New ways of learning

As I push open the workshop door, it’s as if I’ve entered an Aladdin’s cave. Sewing machines stand in rows; textile banners are draped over one another; workstations overflow with embroidered lace, and painted artwork is strung high above it all. This place is a hub of creativity but, as I’m about to discover, it’s much, much more.

Taslima: “I’m here to teach and nourish all the people who walk through our door.
So, little by little, they can make a change.”

Creative Design and Manufacture (CDM) was set up eight years ago by textile designer Taslima Ahmad who has a passion for the traditional hand processes that she feared were being lost. “I was studying at Manchester Metropolitan University at the time and they were getting rid of lots of their hand processes lab equipment as everything was going digital. With help, I acquired them all and my husband and I set up a design and training centre in a disused mill unit.”

Three years later, they moved to their current premises on Grosvenor Street in Ardwick. “Keeping these skills alive is very important,” she says. “When you do something with your hands it retains in your memory. You get lost in the process which is great for your wellbeing.”

It’s this restorative nature of hands-on creativity that is at the core of what CDM does. In pre-Covid times the workshop would be full of woman and girls, all designing, making, creating. 

“It takes some time to learn but once you have, it’s like meditation. It helps your mental health,” says Taslima.

“The women who come to us are from diverse backgrounds, many of them suffering from abuse or trauma,” says Taslima. “Local schools even send us their most challenging young girls who may be struggling at school. I believe if you give people the right skills, tools and nurture them, they will flourish.” Already 15 girls who’ve worked with Taslima have gone on to university.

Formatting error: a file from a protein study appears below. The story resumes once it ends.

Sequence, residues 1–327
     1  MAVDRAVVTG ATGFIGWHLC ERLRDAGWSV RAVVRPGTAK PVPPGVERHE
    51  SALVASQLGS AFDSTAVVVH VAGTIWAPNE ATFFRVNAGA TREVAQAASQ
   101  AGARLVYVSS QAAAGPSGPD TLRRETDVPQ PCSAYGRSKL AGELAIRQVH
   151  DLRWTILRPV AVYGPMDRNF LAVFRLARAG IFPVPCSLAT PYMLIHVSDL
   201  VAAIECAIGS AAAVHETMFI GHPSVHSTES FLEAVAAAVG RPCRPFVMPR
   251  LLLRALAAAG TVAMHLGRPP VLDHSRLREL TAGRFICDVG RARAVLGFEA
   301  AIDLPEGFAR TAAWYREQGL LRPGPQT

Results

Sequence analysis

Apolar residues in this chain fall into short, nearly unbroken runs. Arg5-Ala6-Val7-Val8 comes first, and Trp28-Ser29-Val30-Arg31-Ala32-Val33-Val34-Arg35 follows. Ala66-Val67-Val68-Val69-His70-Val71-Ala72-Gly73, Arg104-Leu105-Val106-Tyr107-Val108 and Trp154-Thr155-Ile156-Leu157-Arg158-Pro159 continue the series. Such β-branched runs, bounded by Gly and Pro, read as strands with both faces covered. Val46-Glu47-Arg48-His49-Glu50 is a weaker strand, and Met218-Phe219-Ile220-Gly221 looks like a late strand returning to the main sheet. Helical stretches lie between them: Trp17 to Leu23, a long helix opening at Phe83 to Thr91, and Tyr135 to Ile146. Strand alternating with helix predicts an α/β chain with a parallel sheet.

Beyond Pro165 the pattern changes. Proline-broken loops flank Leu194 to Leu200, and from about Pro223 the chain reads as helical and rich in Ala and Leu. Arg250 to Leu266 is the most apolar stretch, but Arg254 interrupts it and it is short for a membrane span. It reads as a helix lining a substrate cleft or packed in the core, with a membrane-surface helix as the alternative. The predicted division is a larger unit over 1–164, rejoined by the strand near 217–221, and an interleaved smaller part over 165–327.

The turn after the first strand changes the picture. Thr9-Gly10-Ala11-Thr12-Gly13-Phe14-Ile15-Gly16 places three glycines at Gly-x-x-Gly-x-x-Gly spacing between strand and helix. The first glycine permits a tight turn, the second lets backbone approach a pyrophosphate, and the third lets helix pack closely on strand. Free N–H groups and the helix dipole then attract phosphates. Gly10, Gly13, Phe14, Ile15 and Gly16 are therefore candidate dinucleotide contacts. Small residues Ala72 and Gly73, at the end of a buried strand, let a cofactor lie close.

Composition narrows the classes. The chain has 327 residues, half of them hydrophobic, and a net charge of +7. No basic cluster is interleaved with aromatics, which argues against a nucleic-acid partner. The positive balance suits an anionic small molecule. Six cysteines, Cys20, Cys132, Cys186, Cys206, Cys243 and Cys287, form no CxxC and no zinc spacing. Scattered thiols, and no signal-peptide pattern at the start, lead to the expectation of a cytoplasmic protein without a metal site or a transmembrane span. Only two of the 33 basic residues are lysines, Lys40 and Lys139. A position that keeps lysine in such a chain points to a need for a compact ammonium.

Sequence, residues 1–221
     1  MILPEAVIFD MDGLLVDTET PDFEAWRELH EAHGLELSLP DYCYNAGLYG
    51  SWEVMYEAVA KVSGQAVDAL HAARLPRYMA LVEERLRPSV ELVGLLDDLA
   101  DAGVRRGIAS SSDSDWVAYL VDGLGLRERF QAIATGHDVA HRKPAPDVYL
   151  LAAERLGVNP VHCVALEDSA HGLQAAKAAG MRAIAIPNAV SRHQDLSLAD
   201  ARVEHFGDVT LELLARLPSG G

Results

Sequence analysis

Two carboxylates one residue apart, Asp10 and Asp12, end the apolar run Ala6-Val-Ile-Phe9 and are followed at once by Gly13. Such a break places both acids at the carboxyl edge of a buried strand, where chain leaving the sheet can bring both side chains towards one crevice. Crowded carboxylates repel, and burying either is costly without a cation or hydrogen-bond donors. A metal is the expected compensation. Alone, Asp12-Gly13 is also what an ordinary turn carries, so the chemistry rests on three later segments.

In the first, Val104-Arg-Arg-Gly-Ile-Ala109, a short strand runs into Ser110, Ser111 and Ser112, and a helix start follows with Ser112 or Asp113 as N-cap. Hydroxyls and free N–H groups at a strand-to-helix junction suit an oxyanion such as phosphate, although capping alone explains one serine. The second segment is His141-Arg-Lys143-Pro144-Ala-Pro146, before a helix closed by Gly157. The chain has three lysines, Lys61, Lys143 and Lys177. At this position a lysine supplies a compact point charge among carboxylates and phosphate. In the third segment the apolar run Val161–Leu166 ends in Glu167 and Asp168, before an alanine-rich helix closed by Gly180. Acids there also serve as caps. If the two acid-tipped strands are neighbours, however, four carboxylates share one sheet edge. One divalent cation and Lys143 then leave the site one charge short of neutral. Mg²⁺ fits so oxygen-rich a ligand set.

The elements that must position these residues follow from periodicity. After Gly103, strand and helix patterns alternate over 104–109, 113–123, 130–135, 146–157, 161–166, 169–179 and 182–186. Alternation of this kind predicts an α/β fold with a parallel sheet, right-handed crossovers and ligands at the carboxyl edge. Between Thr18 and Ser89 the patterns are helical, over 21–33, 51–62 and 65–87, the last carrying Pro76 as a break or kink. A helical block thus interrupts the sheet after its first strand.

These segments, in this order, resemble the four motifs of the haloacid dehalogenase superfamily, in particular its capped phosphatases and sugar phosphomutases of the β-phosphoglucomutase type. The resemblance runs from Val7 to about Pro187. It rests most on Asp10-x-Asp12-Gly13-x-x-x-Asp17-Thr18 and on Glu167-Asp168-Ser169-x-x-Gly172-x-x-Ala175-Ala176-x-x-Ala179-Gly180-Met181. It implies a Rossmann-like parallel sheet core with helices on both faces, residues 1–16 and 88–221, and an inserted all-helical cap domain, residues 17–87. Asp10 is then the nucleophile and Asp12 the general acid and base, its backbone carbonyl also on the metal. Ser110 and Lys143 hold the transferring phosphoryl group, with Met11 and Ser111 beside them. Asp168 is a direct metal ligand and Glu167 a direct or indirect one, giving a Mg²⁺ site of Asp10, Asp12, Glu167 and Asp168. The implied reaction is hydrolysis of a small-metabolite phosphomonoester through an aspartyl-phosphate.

Using textiles as a starting point, Taslima supports her users in so many ways. “I teach them to read and write, I help them sell their artwork and I direct them to local jobs. We encourage healthy eating – many have lost weight since coming here – and we only serve organic food, no fizzy drinks.”

Taslima’s desire to help others is deep-rooted. “As a little girl, I remember wanting to give what we had to others. It comes naturally to me.”

Where, I ask, does her creative inspiration come from? “None of my family were creative,” she says, as she describes her London childhood, “I was the odd one out. Although my father was very supportive, it was my next door neighbour who taught me how to knit and crochet and instilled a passion for hand-making.

“Yes, I’m from an affluent family, but I’ve suffered trauma too and I’m challenged daily by autism and dyslexia. I work differently to overcome those barriers.”

“I also talk about climate change and discourage waste as much as possible… even the textile scraps and smallest threads are included in our work.”

During lockdown, Taslima and her band of textile artists and designers have been prolific. Sewing machines have been delivered to the homes of her regular attendees and, with Taslima demonstrating over Zoom or in people’s front gardens, they have produced hundreds of ‘scrub bags’ for the local hospitals as well as thousands of colourful face masks for NHS staff and their own communities. Their efforts have not gone unnoticed and Taslima shows me a recent award from the National Lottery.

“We worked like machines to help the NHS,” she says. “All of our women got involved and little by little, their husbands and children got involved too. Because we were doing Zoom demonstrations, we reached new people who wouldn’t, for whatever reason, come to an in-person session here.”

As lockdown eases, Taslima is determined to keep up with online classes to be as inclusive as possible. “I’ll even go to people’s homes to demonstrate techniques if that’s needed. We shouldn’t be afraid of new ways of learning, of a new way of life. We should embrace it.”